Garland Stonewalls Congress
The most corrupt attorney general in American history testified before the House Judiciary Committee yesterday, and he didn’t say much of anything.
It was all Donald Trump’s fault. That was Attorney General Merrick Garland’s message yesterday as he was being grilled by House Judiciary Committee Chairman Jim Jordan.
When asked why his Department of Justice had slow-walked the Hunter Biden investigation and allowed the statute of limitations to expire on his federal tax-evasion charges, Garland said, “There’s one more fact that’s important, and that is that this investigation was being conducted by Mr. Weiss, an appointee of President Trump. You will, at the appropriate time, have the opportunity to ask Mr. Weiss that question and he will no doubt address it in the public report that will be transmitted to the Congress.”
Garland is right that David Weiss was a Trump appointee, recommended to him at the time by Delaware’s two Democrat senators. And Garland is also right that House Republicans will have a chance to question Weiss — on October 11, if Garland keeps his word and allows it. But he’s wrong when he tries to blame the Trump DOJ for the investigative slow-walk. Remember: Trump actually got impeached for calling attention to the Bidens’ Ukrainian enrichment scheme.
The tax violations, which involve unpaid taxes on hundreds of thousands of dollars that Hunter Biden was paid while on the board of corrupt Ukrainian energy company Burisma, date back to the last years of Barack Obama’s administration, when Hunter’s dad was vice president and was overseeing the administration’s policy toward Ukraine.
It was at this same time, in December 2015, that then-VP Biden traveled to Ukraine and threatened to withhold $1 billion in earmarked aid unless Ukrainian Prosecutor General Viktor Shokin was fired. And it was at this time that the VP’s son was getting money for nothing while serving on the board of the company, Burisma, which Shokin was investigating.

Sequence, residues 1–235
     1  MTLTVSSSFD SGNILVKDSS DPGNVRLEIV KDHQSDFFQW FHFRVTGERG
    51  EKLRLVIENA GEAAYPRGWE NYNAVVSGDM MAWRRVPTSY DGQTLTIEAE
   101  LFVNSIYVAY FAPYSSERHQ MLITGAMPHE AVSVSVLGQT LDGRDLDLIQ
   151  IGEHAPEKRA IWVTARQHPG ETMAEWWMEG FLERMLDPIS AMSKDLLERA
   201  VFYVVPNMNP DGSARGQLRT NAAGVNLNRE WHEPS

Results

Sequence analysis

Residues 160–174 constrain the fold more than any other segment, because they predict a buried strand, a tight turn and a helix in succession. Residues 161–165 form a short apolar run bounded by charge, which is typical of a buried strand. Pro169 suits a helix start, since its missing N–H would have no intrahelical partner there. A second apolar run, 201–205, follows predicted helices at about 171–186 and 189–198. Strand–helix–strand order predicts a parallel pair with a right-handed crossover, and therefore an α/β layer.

“We all know why they did it,” Jordan said in response to Garland’s non-answer about the expiration of the tax charges. “Everyone knows why they did it … those tax years, that involved the president. It’s one thing to have a gun charge in Delaware. That doesn’t involve the president of the United States. But Burisma? Oh my, that goes right to the White House.”
Shokin was ultimately fired in March 2016, and Joe Biden later bragged about it to the Council on Foreign Relations. And while we have to tip our cap at the audacity of Merrick Garland’s attempt to blame Donald Trump, the statute of limitations on Hunter Biden’s tax-evasion charges expired on Garland’s watch.
Why was Jordan so focused on this matter, which is just one of many acts of malfeasance and subsequent stonewalling by Merrick Garland’s Justice Department, such as the targeting of concerned parents at school board meetings and “radical-traditionalist Catholics” at their churches? Because the Burisma quid pro quo is the Rosetta Stone of Biden Crime Family corruption. If Joe Biden is ultimately impeached by the House of Representatives, it’ll be in large part due to his corrupt actions involving Ukraine while his son was on Burisma’s board of directors.
Texas Republican Troy Nehls also got into the Burisma act, “telling” Garland a question: “Joe Biden threatened the Ukrainian president and prime minister to fire Shokin. If that is not quid pro quo, sir, what is? It’s bribery, and it’s impeachable. Are you gonna do something about it? I bet you’re not. And that’s why you also need to be impeached.”
Asked and answered. Garland does deserve to be impeached. He is, it’s fair to say, the most corrupt attorney general in our nation’s history. Nixon’s AG, John Mitchell, served 19 months in prison for his role in the Watergate cover-up, but this guy makes Mitchell look like a piker.
Elsewhere during yesterday’s hearings, Garland gave conflicting answers about whether Weiss had full investigative authority over the Hunter Biden case. Garland has maintained that Weiss had full charging authority, but that claim is entirely at odds with what Weiss told a room full of IRS agents, according to whistleblower testimony.